It is said, that the Goddess Prsni, in the likeness of a cloud agreed to bear the seed of the powerful God Rudra. Out of that seed were born, the impetuous Maruts. Strong at birth, they mounted their celestial chariots and sped through the heaven and earth. Such was their utter abandon, their recklessness, that no team of goats or horses could possibly drive their chariots. They streamed forth, brilliant, at their own pleasure, unstoppable, even the mighty mountains heeding to their will. The other celestial gods watched the descent in awe - hail, the glorious, all conquering army of Indra!
The rain lashed at everything in its wake. The Ahichhatrans sought refuge inside their ill-equipped homes. But, despite the apparent threat and obvious inconvenience, they bore no grudge. After all, the torrent was but a manifestation of the Maruts and in any case, the rain would nourish the grazing lands.
They descended armed with glittering lances, a swelling band with time, so powerful that they united the separate realms of heaven and earth.
The downpour had now swelled into a torrent and the rain bore the look of a sheer wall of water. So much so that the sun had been blocked out completely and for a while, the sky and earth seemed united as one. And every once in a while, as the sun tried to break free, its light reflected off the huge rain drops, glittering as a well polished stone blade attached to the end of a lance.
Intoxicated in their own strength, they make their way loudly roaring, announcing their presence and intimidating their adversary at the same time. And along with the celestial gods, there stood the beautiful, bright Rodasi, right besides them, watching her heroes in flight and fight.
The sky lit up to the crackle of lightening, followed by a fearsome thunder that sent a stab of fear to the heart of even the most brave soldiers of Ahichhatra.
Ensconced in the relative safety of his home, Bhumanyu, did not allow himself to be distracted by the downpour outside. His mind was focused on the preparation for war and they had made good progress. Now that the rains were here, very little would get done. However, the rains would not deter him from insisting the army keep their training going. He had heard accounts of the exploits of Indra and his Marut cohorts in ancient times. He would use these to motivate his troops as well.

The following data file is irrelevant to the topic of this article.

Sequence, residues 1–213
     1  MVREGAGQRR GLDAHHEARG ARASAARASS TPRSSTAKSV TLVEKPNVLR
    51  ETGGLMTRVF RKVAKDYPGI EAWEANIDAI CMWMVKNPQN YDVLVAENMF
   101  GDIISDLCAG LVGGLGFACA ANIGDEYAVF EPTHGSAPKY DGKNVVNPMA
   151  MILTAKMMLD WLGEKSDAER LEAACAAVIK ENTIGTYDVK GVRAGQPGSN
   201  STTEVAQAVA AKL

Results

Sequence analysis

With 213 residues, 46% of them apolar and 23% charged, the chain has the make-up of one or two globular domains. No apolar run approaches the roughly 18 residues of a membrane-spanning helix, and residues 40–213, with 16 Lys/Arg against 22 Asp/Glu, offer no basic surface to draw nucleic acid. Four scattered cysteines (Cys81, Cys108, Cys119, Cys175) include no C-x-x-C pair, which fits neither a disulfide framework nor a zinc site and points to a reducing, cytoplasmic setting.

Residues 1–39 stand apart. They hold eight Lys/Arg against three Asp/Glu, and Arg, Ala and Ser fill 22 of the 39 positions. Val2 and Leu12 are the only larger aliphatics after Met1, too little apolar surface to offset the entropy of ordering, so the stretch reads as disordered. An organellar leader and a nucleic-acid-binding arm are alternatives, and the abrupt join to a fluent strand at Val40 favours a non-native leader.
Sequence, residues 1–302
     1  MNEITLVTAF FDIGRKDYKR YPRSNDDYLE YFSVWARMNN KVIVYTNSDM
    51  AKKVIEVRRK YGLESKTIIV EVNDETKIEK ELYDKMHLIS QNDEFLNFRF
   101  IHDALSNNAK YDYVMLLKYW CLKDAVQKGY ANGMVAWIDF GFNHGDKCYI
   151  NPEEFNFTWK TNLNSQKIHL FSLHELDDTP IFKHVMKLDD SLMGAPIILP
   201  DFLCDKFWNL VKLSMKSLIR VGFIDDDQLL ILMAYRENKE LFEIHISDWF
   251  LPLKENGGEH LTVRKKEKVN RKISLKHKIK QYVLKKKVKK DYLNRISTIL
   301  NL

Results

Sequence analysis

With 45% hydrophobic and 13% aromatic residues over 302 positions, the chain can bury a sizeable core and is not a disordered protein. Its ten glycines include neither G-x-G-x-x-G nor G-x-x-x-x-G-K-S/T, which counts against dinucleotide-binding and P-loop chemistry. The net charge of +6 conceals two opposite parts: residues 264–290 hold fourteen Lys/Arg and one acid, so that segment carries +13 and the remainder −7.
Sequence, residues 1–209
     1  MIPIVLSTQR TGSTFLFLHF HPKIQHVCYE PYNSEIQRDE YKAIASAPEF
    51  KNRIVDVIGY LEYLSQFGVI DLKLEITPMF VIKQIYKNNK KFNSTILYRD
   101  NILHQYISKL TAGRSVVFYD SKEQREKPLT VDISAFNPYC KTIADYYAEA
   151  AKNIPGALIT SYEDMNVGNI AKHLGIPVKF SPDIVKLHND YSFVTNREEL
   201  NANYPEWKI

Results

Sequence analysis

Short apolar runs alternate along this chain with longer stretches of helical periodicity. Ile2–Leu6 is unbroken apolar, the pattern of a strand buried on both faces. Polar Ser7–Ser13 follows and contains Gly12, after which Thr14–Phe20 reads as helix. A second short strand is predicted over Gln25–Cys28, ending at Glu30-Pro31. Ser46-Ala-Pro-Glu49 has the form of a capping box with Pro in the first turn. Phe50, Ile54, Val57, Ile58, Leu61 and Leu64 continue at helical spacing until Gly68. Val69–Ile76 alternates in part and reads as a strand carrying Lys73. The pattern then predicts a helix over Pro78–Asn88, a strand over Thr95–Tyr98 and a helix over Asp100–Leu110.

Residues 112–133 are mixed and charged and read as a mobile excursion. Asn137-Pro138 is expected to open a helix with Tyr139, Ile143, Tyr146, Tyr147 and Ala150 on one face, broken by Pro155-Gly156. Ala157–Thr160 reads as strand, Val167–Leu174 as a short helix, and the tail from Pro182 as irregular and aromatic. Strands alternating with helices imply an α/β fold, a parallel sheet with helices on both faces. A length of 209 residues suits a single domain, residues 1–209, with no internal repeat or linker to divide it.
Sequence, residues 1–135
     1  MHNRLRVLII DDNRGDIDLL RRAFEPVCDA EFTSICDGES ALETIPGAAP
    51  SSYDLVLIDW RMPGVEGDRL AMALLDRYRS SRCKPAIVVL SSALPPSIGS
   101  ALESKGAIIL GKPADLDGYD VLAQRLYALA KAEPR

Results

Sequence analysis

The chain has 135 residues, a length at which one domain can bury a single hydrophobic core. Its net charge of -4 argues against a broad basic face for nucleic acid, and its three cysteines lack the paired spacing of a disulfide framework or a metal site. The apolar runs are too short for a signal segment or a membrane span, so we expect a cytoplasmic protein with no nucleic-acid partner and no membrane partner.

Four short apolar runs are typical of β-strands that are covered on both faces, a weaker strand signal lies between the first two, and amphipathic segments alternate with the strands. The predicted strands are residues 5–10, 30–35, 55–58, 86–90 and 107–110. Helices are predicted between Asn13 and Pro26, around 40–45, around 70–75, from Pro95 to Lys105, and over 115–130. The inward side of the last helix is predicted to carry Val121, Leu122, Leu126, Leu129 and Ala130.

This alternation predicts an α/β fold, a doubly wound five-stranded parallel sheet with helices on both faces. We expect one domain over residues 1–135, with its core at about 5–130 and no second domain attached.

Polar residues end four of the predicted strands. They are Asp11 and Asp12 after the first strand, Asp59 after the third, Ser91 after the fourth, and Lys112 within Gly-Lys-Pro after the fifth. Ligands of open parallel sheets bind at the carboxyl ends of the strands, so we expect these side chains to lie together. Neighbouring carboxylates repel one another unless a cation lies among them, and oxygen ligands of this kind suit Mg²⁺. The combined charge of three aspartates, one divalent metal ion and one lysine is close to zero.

Vadhryasva was by the banks of the river before the deluge began. He had been reminiscing about beautiful Menaka. As the rains came down, he stood his ground, bearing the brunt, hoping, the water would help wash away his thoughts...
In far away Vrindavan, Virshika welcomed a drizzle with much delight. Through the summer months, the act of waiting was driving him mad. Crafty Bharadvaja, knew this to be one more weapon in his armoury - the long wait would mentally wear down the Vrcivans and he was sure to meet a Yadu force, tired in their minds.
At a non-descript location, outside the pale of the Arya territories, far away to the east, near the Ganges river, a visibly pregnant woman struggled to make herself comfortable. The old man besides her, reached out to help.
War was a few months away, so was the day when the woman would give birth to the special child growing inside of her.
Notes & References
Who are the Maruts?